From the medical community’s point of view, an early detection of Crohn’s disease has been extremely difficult given that examining the small intestine with traditional diagnostic methods is no simple task. However, the good news is that recent studies have showed that the inflammatory bowel disorder, dubbed as Crohn’s disease, can be accurately diagnosed with the aid of ultrasound technology. In fact, most ultrasound technician programs that focus on abdominal sonography have deemed this approach not only more precise in determining the location, complication and reoccurrence, but also safer than other imaging methods, such as x-rays that expose the body to ionized radiations.
Why ultrasonography is the better alternative
In general, patients that are diagnosed with Crohn’s disease present a wall thickness of the small intestine ranging from 2cm to 5cm with a total or partial loss of the layering. As the disorder is an inflammation of the bowel, very often the lesions associated with Crohn’s disease can be covered by fat tissues and can be hard to see even with imaging techniques such as computer tomography, MRI or nuclear imaging. On the other hand, with Doppler imaging sonography, the damaged bowel wall can be easily detected, regardless of whether it is covered or not, as it appears as a uniform hyperechoic mass.
In addition to discovering the disorder in its early stages, the ultrasound technician programs that focus on abdominal sonography can also detect complications. For instance, abscesses show up as fluid accumulation; perforations appear as bright with shadows outside the limits of the bowel loops and phlegmons look like hypoechoic masses with irregular shapes and no walls.
However, even though it is more competent at discovering the disorder, it is important to note that the detection rate currently varies quite a lot, between 22% and 89%. The high variation is generally based on the type of ultrasound equipment used, techniques and the experience of the operator. Therefore, the specialized program students choose has an impact on the success of detecting Crohn’s disease early.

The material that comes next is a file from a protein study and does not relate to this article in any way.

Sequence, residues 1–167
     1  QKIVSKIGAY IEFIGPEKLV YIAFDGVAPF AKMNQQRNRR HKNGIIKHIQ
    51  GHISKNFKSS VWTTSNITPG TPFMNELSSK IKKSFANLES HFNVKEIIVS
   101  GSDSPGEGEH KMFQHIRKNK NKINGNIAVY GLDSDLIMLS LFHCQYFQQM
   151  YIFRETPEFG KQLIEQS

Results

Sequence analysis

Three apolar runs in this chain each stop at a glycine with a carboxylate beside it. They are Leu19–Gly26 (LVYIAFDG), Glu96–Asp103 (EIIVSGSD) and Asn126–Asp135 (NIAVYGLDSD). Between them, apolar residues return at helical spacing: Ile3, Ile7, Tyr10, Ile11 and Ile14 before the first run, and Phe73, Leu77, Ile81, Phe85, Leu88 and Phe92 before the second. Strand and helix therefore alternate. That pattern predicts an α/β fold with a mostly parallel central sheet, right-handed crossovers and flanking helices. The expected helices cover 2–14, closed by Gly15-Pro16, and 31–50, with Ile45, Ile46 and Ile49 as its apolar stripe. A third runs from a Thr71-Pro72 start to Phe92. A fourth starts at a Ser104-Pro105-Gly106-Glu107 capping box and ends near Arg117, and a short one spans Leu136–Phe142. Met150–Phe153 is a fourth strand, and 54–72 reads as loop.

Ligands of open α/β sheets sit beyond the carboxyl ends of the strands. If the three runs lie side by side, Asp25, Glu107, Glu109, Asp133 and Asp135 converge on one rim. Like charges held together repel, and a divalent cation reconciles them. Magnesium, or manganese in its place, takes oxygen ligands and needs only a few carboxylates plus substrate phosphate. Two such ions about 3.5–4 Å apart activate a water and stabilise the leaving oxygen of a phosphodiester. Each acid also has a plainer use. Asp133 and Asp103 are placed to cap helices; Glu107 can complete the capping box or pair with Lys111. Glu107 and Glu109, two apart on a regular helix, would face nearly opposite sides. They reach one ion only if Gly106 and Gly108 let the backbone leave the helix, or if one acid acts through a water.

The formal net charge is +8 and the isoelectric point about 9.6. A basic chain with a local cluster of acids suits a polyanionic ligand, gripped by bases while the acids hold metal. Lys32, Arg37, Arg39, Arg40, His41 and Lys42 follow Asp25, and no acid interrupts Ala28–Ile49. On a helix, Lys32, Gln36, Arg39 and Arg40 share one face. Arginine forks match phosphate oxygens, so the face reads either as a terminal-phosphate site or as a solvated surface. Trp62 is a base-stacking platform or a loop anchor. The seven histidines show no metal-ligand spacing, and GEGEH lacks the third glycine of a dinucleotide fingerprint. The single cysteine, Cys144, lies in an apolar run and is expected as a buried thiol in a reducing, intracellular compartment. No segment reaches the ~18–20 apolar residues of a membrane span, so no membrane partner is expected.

Ultrasound helps distinguish inflammation from fibrosis
By employing the use of ultrasound elasticity imaging, technicians and doctors can assess whether the patient presents inflammation, and prescribe the appropriate medication, or they present intestinal fibrosis and therefore, require surgery. This is quite a development considering that neither MRI nor CT can detect a clear difference between the conditions. The use of elastrography also comes to the aid of the patients, as more often than not Crohn’s disease patients with fibroses are required to take immune system suppressant drugs that are very expensive and inefficient. Now, thanks to the UEI approach, doctors can act appropriately and in a timely manner.
According to a pilot study performed at the beginning of 2011, the ultrasound elasticity imaging might be able to detect the differences between unaffected intestine and fibrotic tissue. Since that was the only study with such important results, the team lead by Dr. Stidham intends to replicate the study in the next years and come to the help of clinicians by providing clear measurements to help them decide on the best course of action for their patients.